SALT LAKE CITY — Members of Utah's fundamentalist Mormon communities are hopeful about a bill that would make bigamy among consenting adults an infraction, while anti-polygamy activists say they will fight it.
Utah has prohibited polygamy since it became a state. But tens of thousands still practice it today, scattered across the state.
Sen. Deidre Henderson, R-Spanish Fork, is sponsoring Senate Bill 102, which makes bigamy among consenting adults an infraction.
"Our law making it a felony to cohabitate essentially gives power to the bad guys and pretty much re-victimizes the vulnerable people," Sen. Henderson said in an interview with FOX 13.
Sen. Henderson's bill makes bigamy in concert with fraud, child bride marriages and other abuses a second-degree felony. But making it an infraction does put it on par with a traffic ticket. There is no threat of jail time, only a fine or community service.
"I didn’t feel like we could bring it all the way down to nothing," she said. "But it is an infraction and if there is any other abuse or domestic violence or any of those things that are currently in statute, then bigamy can be charged as a second degree felony with those other crimes."
In 2016, the Utah State Legislature "re-criminalized" bigamy in response to a legal challenge brought by reality TV star Kody Brown and his wives. They sued the state of Utah, alleging that its constitutional prohibition on polygamy violated their religious freedom rights, as well as their right to privacy. A federal judge agreed and struck down that part of Utah's ban, but the 10th U.S. Circuit Court of Appeals in Denver reversed it.
Sen. Henderson's bill walks it back. She argued that making bigamy an infraction for consenting adults could help free people to report problems and seek help without fear their entire life is prosecuted.
"We need to take another look at the effectiveness of our law and some of the harms that have come about as a result of our law," Sen. Henderson said.
The bill is already generating some initial support in the legislature. Senate Majority Leader Evan Vickers, R-Cedar City, whose district includes the polygamous border town of Hildale, said Wednesday he was supportive of the idea.
But Angela Kelly, the director of the Sound Choices Coalition, said she believed it will not help. She opposed the idea of making bigamy an infraction.
"It’s a bad bill because it doesn’t do what Sen. Henderson thinks it’s going to do," Kelly told FOX 13 on Wednesday. "She thinks it’s going to help more victims come forward and report associated crimes? And it’s not going to do that. It’s not going to help the victims in any way."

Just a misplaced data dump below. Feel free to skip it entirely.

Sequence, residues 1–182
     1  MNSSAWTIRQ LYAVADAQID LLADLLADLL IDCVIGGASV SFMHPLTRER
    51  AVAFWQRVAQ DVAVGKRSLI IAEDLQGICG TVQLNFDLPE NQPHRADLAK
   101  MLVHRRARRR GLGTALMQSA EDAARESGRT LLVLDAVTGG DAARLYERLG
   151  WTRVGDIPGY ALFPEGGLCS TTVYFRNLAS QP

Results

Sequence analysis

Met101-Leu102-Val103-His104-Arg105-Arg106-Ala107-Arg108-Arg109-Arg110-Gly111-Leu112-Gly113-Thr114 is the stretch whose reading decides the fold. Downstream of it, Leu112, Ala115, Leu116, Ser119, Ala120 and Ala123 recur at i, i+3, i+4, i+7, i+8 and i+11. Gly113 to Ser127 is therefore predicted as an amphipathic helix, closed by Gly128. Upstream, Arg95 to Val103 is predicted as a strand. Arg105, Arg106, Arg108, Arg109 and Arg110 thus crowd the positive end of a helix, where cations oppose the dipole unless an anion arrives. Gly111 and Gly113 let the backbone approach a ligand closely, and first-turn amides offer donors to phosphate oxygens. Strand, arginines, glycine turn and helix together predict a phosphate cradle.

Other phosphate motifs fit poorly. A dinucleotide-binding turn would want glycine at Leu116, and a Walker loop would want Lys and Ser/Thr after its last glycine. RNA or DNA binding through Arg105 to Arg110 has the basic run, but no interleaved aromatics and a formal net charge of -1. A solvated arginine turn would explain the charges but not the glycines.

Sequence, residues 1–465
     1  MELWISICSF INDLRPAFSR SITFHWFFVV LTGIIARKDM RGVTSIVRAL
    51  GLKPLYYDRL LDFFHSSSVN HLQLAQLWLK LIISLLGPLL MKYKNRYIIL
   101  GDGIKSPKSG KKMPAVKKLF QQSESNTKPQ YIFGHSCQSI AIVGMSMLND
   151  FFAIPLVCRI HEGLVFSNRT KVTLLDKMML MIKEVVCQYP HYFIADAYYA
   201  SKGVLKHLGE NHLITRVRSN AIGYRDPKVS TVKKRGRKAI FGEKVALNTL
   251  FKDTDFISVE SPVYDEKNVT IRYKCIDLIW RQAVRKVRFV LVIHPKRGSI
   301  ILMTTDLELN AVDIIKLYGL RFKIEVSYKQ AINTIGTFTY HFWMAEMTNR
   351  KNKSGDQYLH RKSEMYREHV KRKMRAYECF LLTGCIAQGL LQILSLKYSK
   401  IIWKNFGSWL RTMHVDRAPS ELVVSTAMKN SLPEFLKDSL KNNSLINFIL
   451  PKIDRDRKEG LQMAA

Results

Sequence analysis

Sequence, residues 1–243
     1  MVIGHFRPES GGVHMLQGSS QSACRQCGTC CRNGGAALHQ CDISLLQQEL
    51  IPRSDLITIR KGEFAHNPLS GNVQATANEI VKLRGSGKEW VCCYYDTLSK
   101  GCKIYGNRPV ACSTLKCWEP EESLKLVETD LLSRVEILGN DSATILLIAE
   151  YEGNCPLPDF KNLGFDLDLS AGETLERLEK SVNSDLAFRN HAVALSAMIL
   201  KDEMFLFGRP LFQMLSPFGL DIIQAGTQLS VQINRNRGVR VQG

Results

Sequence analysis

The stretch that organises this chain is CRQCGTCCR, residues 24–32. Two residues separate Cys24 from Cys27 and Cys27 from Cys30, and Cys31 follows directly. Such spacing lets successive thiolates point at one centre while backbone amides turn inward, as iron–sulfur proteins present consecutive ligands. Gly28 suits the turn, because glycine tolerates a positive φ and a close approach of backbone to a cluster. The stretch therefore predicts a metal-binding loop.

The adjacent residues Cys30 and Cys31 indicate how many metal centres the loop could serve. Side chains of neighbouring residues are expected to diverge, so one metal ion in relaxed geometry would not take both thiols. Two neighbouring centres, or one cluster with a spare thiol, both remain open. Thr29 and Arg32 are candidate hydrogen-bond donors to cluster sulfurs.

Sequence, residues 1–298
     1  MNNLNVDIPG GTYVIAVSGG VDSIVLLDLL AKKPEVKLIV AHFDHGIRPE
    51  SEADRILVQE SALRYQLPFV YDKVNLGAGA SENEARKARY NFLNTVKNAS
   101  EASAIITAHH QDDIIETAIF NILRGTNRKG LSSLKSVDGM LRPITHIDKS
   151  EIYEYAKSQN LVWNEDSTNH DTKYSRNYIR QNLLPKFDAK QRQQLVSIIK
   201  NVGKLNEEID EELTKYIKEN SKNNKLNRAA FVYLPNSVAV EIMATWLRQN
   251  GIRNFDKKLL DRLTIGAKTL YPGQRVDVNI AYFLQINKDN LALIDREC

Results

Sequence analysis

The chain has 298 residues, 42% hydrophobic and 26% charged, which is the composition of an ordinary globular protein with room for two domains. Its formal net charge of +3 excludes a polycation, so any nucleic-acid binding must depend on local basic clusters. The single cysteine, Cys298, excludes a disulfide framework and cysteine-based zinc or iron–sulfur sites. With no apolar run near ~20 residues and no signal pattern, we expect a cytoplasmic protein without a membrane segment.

Kelly argued the bill does not take into account the impact to victims of crimes within isolated polygamous communities or the harms caused by polygamy itself. She said people were more afraid for their salvation, not for any legal consequence.
"If you decriminalize child abuse, would more children come forward? Because they’re afraid their parents are going to get in trouble? Probably not," she said.
Holding Out Help, which works with people leaving polygamous communities, said it did not support the bill. Tonia Tewell, the group's director, said she has never heard a client claim they were afraid to report a crime because polygamy was illegal.
"Our clientele has increased by 55%. Most of our clients are leaving because of abuse, fraud and control," she said in a text message. "How is this bill going to stop this criminal activity? It doesn't fit!"
The Principle Voices Coalition, which advocates for people in polygamous communities, praised the bill.
"Utah's tens of thousands of plural families have been marginalized for over a century. Utahns have embraced all lifestyles and cultures, and ours cannot be an exception," the group said in a statement. "The criminalization and isolation of a religious minority have harmed families. Truly, Utah has no appetite for prosecuting and imprisoning plural families for lifestyle choices as felonies. SB0102 corrects this problem. While all crimes should be prosecuted, we look for the day when whom we love is no longer a matter for law enforcement."
Joe Darger, a polygamist who, along with his three wives, have authored a book about their life, has pushed for the bill. He fought the recriminalization efforts in the legislature in 2016.
"For 100 years we’ve criminalized this. It hasn’t worked," he said in an interview Wednesday with FOX 13.
Darger said he wanted to see polygamy completely decriminalized, but expressed support for Sen. Henderson's bill.
"I don’t fear prosecution, but I know there’s thousands that do," he said. "There’s people that don’t get help. There’s people that have left the FLDS and don’t follow Warren Jeffs, but they’re afraid to say who they are. There’s many families that are innocent families, if there’s a problem where do they go? It’s illegal to say who you are."